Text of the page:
GENEVA, May 25, 2001 ( – Last week, at the World Health Assembly in Geneva, Switzerland, Canadian Health Minister Allan Rock volunteered Canada to take the lead in an “international effort” to curb abuses of “human dignity” involving unchecked New Reproductive Technologies (NRT). While Rock expressed noble sentiments, the Canadian government’s own record on regulation of NRT abuses is considered by many to be abysmal. In addition, the Liberal government’s militant pro-abortion record is also considered evidence that it would not be a sincere protector of the ‘human dignity’ of early human life.

Canada is one of the few countries without a law restricting or regulating NRT. Despite a 5-year, $28 million Royal Commission on New Reproductive Technologies ending in 1993, which recommended the urgent need for legislation on the issue, nothing has been accomplished in Canada until now. As evidence about developments such as cloning, genetically modified animals and gross human embryo manipulation has continued to grow, Dr. Patricia Baird, who chaired the Royal Commission, repeatedly urged for legislation.

During his presentation Rock noted, “Canada is now considering a national law that would ban practices such as human cloning, germ-line alteration, gender selection and the creation of embryos solely for the purpose of research and commercial surrogacy.” The proposed legislation would be a considerable change from the current state of lawlessness but is undermined by such things as the contradictory approval of the use of human embryos for stem cell harvesting.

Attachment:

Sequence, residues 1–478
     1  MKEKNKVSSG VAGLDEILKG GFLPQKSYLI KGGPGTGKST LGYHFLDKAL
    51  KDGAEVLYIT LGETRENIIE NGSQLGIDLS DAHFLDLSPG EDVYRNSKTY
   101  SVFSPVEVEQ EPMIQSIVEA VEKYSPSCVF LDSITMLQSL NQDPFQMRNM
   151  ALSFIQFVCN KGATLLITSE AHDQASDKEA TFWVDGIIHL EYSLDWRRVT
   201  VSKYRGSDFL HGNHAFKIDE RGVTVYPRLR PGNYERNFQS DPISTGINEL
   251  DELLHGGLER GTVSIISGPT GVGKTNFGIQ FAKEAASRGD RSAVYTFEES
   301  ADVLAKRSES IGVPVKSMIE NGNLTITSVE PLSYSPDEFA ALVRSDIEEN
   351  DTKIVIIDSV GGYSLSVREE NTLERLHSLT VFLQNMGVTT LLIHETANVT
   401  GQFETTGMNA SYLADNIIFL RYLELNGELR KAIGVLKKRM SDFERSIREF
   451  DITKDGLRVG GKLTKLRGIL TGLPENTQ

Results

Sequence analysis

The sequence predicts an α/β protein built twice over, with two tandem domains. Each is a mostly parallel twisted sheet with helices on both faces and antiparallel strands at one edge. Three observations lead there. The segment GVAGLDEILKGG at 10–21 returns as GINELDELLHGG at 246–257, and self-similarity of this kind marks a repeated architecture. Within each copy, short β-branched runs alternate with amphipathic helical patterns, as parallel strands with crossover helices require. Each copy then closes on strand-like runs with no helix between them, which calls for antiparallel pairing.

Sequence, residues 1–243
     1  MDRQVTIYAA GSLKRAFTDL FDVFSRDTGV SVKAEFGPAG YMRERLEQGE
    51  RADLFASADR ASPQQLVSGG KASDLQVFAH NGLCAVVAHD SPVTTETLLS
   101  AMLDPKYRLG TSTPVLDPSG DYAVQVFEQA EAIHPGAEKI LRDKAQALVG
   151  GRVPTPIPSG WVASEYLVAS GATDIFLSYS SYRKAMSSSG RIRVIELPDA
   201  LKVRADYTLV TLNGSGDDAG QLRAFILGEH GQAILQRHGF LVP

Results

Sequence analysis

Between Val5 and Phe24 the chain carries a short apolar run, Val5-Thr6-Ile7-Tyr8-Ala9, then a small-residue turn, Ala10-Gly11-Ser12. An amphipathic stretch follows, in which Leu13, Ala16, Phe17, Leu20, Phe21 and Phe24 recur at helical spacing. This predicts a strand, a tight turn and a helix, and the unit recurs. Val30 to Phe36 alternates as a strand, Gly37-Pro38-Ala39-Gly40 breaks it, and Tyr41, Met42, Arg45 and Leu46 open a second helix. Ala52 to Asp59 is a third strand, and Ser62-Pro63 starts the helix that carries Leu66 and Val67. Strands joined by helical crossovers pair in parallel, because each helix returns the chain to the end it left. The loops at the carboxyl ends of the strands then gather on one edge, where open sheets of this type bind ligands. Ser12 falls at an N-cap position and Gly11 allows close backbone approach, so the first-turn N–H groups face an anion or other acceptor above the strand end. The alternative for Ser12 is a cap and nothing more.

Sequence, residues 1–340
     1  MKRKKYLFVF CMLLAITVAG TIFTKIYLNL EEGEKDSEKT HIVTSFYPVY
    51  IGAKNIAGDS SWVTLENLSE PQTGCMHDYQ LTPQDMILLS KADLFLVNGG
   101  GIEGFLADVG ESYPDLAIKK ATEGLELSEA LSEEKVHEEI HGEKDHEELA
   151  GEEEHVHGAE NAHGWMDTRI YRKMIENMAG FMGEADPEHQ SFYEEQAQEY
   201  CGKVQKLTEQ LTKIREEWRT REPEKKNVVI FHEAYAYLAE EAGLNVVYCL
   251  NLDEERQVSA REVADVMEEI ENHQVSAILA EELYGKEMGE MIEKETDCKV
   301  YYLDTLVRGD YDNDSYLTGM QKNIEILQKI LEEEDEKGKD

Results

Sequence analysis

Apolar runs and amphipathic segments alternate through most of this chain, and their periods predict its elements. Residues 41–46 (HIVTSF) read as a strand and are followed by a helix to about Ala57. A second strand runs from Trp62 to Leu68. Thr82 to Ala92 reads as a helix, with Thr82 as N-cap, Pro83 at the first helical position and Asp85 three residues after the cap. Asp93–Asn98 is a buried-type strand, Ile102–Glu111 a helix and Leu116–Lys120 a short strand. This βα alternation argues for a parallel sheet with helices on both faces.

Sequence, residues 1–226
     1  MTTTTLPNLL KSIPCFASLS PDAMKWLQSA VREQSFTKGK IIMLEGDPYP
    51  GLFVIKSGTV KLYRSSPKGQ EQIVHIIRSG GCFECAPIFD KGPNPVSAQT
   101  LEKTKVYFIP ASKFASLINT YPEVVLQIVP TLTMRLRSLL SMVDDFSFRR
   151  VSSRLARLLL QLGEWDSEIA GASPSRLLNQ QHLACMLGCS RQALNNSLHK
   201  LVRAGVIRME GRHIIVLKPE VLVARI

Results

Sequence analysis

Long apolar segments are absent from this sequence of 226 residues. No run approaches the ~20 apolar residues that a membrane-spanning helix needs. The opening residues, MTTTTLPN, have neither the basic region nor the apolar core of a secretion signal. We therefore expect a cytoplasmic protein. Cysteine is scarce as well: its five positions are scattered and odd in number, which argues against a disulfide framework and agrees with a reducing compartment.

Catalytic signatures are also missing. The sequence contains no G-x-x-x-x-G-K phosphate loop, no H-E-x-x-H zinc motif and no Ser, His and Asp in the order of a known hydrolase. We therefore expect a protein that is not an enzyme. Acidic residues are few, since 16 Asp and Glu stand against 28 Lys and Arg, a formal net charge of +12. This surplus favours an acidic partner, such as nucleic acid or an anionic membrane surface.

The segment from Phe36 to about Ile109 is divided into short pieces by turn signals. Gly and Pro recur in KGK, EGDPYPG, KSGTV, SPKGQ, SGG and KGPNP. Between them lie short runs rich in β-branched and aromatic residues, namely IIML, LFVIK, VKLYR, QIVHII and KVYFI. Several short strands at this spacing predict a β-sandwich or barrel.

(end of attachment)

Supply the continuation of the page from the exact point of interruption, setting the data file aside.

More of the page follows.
Rock said “a collective international effort is also necessary to prevent unethical practitioners from ‘country shopping’ for opportunities to pursue unethical practices.” A seeming case of a ‘country shopping’ mad scientist who was welcomed in Canada was that of now McGill University professor Roger Gosden. Gosden, formerly of Leeds University in Britain, pioneered a procedure using the ova of aborted baby girls in fertility treatments before his research was criminalized in England. Gosden took up his new post in Canada noting his disgust with Britain’s “more cautious attitude toward science and technology.” British MP Dame Jill Knight, who was instrumental in criminalizing Gosden’s research, commented that it was “the stuff of nightmares,” and noted that children born of his intended procedures would be told that they had come “from a dead mother, a mother … that was never actually born at all.”

For earlier stories on Gosden see:

See Allan Rock’s speech to the WHA at:

See LifeSite’s report on Rock’s proposed NRT bill:


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